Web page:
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7/1/14news article

don't let fireworks burn your holiday fun

fireworksThe Fourth of July is a time filled with patriotic celebrations and outdoor activities, often including fireworks displays. Whether your family attends a public fireworks demonstration or chooses to engage in a smaller show, fireworks can threaten your family’s safety.

Approximately 3,000 children under age 14 are treated in emergency rooms annually for injuries related to fireworks, two-thirds of which occur during the fireworks season, mid-June to mid-July.

“Don’t ever let kids play with fireworks, period,” says Lisa Schwing, registered nurse, trauma program manager at Dayton Children’s Hospital. “They’re intended for use by adults in open spaces.”

The best way to keep your family safe is to refrain from setting off fireworks at home. Instead, enjoy celebrating the holiday by attending a public showing where fireworks are set off by professionals.

If fireworks are legal in your neighborhood and you choose to light them in your own backyard, be sure to take precautionary measures. Be prepared with a bucket of water or a garden hose close by. Children should not be anywhere near the site from which they are being launched and it is important that they are educated about how to safely react should a fire occur.

“Children should watch from a safe distance with plenty of adult supervision to make sure they don’t get too close,” Schwing said. “Teach your children how to call 911 in an emergency. Also teach them what to do if their clothing catches on fire- ‘stop, drop and roll.’ ”

Dayton Children’s offers 11 tips to stay safe while around fireworks:

  • Buy only legal fireworks (legal fireworks have a label with the manufacturer’s name and directions; illegal fireworks are unlabeled) and store them in a cool, dry place.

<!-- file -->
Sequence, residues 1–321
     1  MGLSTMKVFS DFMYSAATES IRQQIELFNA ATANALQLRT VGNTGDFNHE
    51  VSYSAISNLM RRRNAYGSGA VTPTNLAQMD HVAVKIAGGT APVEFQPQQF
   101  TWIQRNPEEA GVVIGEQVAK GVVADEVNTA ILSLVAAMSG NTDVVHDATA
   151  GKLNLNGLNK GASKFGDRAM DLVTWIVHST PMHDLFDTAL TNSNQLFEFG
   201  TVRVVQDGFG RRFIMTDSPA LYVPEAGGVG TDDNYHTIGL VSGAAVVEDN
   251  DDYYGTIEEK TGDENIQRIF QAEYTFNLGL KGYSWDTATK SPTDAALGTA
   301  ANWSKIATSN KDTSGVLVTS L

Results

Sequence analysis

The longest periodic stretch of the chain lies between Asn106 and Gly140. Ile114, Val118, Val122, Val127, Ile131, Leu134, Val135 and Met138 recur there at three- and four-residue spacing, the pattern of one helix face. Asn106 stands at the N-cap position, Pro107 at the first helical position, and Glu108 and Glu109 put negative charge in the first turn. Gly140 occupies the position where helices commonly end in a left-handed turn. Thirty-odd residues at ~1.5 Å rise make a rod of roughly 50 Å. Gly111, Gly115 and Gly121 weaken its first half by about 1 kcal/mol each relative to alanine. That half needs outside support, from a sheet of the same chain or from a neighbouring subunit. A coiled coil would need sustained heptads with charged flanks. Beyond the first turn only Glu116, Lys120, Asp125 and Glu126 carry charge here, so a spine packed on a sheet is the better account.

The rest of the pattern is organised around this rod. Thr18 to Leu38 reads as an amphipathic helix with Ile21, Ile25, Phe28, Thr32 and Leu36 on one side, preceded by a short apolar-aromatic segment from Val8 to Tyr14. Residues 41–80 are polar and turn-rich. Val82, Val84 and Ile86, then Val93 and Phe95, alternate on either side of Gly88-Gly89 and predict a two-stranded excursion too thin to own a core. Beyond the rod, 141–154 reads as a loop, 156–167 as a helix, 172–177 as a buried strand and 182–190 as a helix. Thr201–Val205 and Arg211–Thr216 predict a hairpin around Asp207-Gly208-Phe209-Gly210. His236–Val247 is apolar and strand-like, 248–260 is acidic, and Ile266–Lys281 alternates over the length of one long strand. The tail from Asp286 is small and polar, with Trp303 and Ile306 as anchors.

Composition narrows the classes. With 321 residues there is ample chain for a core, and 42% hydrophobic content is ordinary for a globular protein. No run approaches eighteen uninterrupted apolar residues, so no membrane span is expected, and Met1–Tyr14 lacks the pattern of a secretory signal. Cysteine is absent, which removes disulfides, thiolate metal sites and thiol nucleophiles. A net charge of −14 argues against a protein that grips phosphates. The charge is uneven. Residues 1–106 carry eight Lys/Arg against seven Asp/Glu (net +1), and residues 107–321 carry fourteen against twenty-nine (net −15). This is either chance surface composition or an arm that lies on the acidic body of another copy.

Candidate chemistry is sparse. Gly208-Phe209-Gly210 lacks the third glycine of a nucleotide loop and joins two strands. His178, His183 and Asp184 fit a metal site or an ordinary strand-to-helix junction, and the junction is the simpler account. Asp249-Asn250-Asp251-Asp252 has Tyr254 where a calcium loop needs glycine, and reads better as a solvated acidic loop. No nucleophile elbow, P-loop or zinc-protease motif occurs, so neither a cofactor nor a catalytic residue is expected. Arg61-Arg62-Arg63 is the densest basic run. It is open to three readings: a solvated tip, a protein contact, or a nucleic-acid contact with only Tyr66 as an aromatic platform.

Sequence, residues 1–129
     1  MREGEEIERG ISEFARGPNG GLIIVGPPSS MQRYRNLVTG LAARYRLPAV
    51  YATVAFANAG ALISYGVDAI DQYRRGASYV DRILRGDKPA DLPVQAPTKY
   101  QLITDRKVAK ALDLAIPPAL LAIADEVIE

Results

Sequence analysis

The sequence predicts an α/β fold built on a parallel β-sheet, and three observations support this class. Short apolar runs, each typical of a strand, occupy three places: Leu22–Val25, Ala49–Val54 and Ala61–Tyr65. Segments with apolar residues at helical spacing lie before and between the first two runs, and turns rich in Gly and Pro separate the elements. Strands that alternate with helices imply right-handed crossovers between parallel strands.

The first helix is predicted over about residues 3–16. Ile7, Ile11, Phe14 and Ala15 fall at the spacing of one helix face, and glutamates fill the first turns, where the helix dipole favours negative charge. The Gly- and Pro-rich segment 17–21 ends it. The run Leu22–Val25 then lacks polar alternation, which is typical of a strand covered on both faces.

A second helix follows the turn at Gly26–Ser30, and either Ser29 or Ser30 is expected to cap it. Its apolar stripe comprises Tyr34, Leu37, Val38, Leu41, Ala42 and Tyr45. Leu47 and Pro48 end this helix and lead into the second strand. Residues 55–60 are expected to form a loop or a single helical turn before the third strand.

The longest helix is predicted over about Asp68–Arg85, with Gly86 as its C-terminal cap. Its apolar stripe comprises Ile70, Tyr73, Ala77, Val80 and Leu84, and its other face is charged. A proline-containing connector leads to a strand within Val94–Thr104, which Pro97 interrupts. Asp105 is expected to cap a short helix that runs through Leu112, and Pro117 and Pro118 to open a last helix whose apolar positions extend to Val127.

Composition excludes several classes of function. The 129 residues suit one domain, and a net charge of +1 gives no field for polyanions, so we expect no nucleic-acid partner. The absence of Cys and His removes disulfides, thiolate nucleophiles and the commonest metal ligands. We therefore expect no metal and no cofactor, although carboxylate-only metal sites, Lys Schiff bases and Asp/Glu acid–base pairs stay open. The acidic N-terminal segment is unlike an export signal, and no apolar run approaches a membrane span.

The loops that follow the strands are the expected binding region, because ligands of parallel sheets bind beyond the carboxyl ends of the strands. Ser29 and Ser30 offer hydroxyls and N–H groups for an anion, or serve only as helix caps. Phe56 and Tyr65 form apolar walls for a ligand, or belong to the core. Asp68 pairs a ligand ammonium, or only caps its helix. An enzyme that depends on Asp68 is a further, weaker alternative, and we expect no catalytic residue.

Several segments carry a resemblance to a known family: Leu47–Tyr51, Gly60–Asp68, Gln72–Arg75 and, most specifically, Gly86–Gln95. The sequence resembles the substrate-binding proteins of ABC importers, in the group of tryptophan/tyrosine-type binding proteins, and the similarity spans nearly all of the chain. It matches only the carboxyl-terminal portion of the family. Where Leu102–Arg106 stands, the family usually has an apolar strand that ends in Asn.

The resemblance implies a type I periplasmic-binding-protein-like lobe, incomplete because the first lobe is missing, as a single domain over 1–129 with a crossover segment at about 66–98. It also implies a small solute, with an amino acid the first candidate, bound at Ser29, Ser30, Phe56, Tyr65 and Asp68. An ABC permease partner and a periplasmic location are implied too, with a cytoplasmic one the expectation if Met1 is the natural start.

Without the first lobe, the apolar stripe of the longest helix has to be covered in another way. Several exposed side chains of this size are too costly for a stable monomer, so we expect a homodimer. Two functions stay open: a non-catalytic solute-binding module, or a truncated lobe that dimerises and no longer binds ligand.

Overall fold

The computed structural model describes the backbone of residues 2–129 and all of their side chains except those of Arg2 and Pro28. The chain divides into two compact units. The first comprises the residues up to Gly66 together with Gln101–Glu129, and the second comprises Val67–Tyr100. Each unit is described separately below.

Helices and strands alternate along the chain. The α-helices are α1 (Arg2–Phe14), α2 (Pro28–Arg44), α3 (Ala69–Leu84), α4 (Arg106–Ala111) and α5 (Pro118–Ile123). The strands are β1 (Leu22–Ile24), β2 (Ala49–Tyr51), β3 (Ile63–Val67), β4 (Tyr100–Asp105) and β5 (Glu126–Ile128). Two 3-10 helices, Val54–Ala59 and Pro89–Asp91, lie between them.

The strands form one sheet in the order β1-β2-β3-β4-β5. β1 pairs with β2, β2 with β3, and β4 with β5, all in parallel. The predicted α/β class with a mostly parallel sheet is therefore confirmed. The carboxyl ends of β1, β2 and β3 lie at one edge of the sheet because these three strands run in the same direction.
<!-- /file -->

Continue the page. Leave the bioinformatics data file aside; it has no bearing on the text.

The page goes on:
• Never attempt to make your own fireworks.
  • Always use fireworks outdoors and have water nearby in case of accidents.
  • Light fireworks away from others and never throw or point fireworks at anyone, even as a joke, as fireworks have been known to backfire or shoot in the wrong direction.
  • When lighting fireworks, do not hold them in your hand or have any part of your body over them. Wear some sort of protective eyewear.
  • Never carry fireworks in your pocket, as the friction could set them off.
  • Point fireworks away from homes and keep away from leaves, brush and other flammable matter.
  • Light fireworks one at a time, never in glass or metal containers.
  • Never try to relight a dud or a firework that has already been set off.
  • Do not allow children to pick up the remains of fireworks, as they could still be ignited and explode at any time.
  • Soak all fireworks in a bucket of water before placing them in the trash can to be sure they are no longer ignited.

For more information, contact: 
Stacy Porter 
Marketing Communications Specialist 
Phone: 937-641-3666

Lisa Schwing

trauma program manager
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